Pitchside

Kagawa in last-chance saloon at United, but could yet save his career

Pitchside

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Squawka explain why Shinji Kagawa is running out of chances fast at Manchester United, but could yet play a key role in Tuesday's derby.

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Despite the love for Shinji Kagawa among some Manchester United fans, you'd be hard-pressed to find any that would call his Old Trafford career a success.

Things went pear-shaped even before his debut season in England had kicked off: while the plan looked to be Sir Alex Ferguson deploying Kagawa in the creative role behind Wayne Rooney, the shock signing of Robin van Persie left Kagawa with no home in the United starting line-up.

The former Borussia Dortmund playmaker has found game time hard to come by for the Red Devils since his move in the summer of 2012, and Saturday's showdown with West Ham was his first start for United since January 11 against Swansea.

However, the Japan international did enough against the Hammers to suggest that he has a future at United - and could have a vital part to play in the Manchester derby on Tuesday night.

While the absence of the injured Van Persie is a blow for David Moyes, after the Netherlands international's mercurial display against Olympiacos last Wednesday, United did look like a more fluid team without him at Upton Park.

With Kagawa and Juan Mata supporting Rooney on the left and in the middle respectively, and with Ashley Young pulling opponents down the right wing, the front four had the kind of balance and creativity rarely displayed by the reigning Premier League champions this season.

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Kagawa's heat map against the Hammers shows his fondness for drifting inside from the left and linking up in the middle, and he made two of his four key passes in and around the penalty area.

Creative players sometimes have a lower passing accuracy as they search for riskier passes in behind defenders, but Kagawa's success rate of 91 per cent from 56 attempted passes proves that he can keep control of the ball while looking for weak spots behind the opposition's back line.

An average pass length of 15 metres shows his preference for keeping the ball moving rather than in the air, and United looked like a fluid side with Kagawa, Mata and Fletcher all exchanging the ball regularly, with one take-on completed by the Japan international as well.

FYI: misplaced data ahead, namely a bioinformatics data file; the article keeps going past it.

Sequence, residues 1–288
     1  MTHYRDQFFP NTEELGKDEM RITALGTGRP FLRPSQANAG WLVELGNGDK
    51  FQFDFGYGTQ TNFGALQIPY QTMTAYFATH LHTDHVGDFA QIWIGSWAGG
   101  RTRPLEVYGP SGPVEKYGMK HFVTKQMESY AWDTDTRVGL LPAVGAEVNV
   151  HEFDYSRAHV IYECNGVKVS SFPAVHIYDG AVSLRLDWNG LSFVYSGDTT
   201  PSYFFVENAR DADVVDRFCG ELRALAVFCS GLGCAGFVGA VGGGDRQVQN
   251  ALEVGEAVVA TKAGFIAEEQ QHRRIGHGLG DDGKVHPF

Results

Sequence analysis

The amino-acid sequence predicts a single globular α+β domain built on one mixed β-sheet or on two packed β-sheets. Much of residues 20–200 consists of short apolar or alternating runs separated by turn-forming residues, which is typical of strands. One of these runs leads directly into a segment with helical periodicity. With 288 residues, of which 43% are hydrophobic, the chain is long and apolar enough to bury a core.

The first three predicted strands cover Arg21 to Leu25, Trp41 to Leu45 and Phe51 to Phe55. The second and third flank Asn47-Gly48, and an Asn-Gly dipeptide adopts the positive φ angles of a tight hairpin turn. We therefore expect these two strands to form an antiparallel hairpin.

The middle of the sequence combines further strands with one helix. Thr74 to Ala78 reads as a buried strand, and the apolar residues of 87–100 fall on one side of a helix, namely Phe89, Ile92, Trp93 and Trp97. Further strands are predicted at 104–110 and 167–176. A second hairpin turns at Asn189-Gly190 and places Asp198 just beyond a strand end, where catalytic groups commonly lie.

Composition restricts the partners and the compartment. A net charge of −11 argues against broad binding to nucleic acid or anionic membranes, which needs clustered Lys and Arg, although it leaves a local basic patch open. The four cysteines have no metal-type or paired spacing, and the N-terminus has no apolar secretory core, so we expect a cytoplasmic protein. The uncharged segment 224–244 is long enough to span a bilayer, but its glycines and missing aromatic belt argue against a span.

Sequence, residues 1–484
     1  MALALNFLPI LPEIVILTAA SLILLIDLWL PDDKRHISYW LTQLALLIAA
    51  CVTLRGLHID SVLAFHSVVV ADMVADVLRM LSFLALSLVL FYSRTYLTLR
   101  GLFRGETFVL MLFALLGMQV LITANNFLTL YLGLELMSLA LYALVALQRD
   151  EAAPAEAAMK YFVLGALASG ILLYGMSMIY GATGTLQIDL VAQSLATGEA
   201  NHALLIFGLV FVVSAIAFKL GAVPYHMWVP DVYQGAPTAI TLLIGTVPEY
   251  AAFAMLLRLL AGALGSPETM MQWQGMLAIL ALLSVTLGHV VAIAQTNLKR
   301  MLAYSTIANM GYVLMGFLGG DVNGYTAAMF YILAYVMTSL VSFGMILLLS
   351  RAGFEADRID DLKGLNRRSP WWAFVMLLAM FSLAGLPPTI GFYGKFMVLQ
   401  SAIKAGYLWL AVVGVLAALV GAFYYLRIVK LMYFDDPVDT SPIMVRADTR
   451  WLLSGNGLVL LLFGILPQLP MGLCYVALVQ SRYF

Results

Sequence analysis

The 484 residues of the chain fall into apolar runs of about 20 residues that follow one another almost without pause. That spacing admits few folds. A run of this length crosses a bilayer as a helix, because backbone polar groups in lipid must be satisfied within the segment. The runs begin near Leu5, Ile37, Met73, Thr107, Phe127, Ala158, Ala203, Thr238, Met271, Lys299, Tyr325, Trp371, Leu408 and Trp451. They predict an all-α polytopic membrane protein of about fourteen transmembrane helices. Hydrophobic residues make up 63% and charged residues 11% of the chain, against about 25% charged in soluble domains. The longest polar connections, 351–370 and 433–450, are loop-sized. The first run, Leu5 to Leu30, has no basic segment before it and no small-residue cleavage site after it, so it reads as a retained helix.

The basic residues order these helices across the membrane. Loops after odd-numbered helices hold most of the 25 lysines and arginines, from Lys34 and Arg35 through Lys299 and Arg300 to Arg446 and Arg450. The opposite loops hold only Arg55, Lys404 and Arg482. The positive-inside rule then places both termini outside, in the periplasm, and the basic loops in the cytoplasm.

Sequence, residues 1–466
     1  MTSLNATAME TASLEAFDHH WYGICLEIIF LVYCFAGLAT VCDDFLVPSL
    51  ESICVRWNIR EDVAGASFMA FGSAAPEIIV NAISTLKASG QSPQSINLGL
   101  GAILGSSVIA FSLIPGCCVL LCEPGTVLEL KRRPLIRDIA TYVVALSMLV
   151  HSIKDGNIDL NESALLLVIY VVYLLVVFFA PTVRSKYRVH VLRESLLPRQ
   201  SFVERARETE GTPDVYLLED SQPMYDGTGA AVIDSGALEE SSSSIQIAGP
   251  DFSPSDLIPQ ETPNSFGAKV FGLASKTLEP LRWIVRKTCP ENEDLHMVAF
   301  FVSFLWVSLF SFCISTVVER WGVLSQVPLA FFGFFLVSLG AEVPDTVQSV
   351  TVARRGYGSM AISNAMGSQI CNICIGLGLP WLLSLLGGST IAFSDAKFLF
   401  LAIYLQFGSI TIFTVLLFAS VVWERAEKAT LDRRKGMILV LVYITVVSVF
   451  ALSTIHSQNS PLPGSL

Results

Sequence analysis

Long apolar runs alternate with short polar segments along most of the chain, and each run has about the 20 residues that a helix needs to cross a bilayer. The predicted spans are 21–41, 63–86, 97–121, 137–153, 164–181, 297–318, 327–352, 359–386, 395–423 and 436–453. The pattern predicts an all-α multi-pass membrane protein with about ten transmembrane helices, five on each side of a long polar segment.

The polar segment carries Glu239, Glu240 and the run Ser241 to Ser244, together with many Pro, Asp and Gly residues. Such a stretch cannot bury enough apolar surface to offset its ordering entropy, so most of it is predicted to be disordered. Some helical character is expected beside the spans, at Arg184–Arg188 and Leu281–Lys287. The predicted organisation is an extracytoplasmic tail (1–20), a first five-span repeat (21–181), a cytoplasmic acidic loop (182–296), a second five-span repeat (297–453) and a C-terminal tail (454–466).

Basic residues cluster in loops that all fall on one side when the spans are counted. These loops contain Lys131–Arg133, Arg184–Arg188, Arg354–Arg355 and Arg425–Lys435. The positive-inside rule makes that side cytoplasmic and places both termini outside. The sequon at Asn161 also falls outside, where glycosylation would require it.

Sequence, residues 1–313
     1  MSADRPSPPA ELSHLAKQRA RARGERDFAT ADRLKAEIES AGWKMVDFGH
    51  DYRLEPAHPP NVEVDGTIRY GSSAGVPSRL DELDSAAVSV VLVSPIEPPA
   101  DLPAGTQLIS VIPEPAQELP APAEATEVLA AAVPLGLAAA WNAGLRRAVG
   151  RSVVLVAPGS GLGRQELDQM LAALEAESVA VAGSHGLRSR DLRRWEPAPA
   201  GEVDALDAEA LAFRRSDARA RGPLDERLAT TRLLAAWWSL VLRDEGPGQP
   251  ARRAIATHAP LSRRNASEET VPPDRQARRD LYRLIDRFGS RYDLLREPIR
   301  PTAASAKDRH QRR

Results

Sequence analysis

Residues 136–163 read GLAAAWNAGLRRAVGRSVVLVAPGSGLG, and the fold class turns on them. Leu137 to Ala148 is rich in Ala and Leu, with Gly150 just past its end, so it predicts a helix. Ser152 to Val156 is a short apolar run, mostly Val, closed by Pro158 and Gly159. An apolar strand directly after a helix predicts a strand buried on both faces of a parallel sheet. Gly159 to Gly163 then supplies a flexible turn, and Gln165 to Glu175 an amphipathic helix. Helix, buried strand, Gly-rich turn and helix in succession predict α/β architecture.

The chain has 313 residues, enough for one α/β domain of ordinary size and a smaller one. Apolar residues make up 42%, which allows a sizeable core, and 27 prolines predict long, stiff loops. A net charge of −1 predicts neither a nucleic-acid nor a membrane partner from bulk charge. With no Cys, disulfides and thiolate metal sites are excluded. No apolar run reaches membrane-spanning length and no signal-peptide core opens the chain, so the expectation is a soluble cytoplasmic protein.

One area of weakness that has caused Moyes to have reservations over Kagawa's suitability to English football is his defensive game. The 25-year-old has been deployed on the left for Japan and Dortmund as he has a reputation for a high work-rate and an aptitude for tracking back, though United have seen little of that in the Premier League.

Kagawa has vowed to bulk up in the past to cope with the demands of English football, but against the Hammers he had a positive experience.

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The midfielder completed one of two attempted tackles, and won his only attempted header. He completed no defensive actions - an area he still needs to work on - though only Michael Carrick won more of his overall duels than Kagawa did in Saturday's match.

With Van Persie injured for four to six weeks, it really seems like it is now or never for Kagawa's Old Trafford career.

With Manchester City up next on Tuesday night, Moyes may revert to a cautious approach and bench the Japanese playmaker, though with the defence of their title long gone and a Champions League qualification place still a distant hope, it would be refreshing for the beleaguered manager to select the side United can aspire to be, rather than the one they have to be.

Despite City's 5-0 win over Fulham on Saturday and United's humbling at home to Liverpool a weekend ago, plenty of sides have shown this season that Manuel Pellegrini's men have a soft centre, particularly at the back.

It may seem odd to suggest playing an attacking midfielder who has scored and assisted precisely zero goals this season against arguably the title favourites, but Kagawa has had to beg, steal and borrow any minutes he can get from Moyes.

His ability on the ball - with nine of 15 take-ons completed this season - can stretch a defence prone to lapses in concentration, with the likes of Pablo Zabaleta, Martin Demichelis and Vincent Kompany all seeing red in recent games after being punished by good passing and/or a lack of attention.

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With Van Persie injured, and potentially on his way out this summer should a good deal come along for both the player and the club, the derby is a perfect chance for Kagawa to prove why he can be part of Moyes' side next season. His slick interchanges with Rooney and Mata suggest that he has the skill and temperament to play in a side that places emphasis on retaining possession, with a seasonal average passing accuracy of 88% further backing up that claim.

Much depends on Moyes, and whether he has the courage to select a formation that worked so well against West Ham. And with Van Persie likely to be out of the Champions League quarter-finals against Bayern Munich - watching from the stands alongside a cup-tied Mata - another opportunity will present itself for Kagawa to shine for United, particularly with his knowledge of Die Roten from his time with BVB.

Put simply, Kagawa's time has come. Now the 25-year-old must seize his chance and show that he deserves to stay at Old Trafford. There has never been a better opportunity for Kagawa to display his talents in England, and if Moyes backs the playmaker, both he and United may stand a chance in the Manchester derby.

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